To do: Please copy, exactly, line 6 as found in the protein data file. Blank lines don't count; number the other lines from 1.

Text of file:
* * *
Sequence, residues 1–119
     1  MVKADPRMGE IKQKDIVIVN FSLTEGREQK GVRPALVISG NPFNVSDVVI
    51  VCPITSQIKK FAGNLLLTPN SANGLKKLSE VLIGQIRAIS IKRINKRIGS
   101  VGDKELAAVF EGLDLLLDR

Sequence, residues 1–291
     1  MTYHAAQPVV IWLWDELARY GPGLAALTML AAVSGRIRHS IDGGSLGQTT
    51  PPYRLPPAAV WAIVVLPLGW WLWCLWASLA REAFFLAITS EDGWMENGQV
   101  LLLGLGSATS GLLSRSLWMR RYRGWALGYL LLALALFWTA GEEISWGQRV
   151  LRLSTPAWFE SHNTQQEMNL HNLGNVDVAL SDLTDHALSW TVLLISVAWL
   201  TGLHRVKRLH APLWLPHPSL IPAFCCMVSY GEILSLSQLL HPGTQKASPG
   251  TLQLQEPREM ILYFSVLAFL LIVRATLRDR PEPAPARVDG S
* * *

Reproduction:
     1  MTYHAAQPVV IWLWDELARY GPGLAALTML AAVSGRIRHS IDGGSLGQTT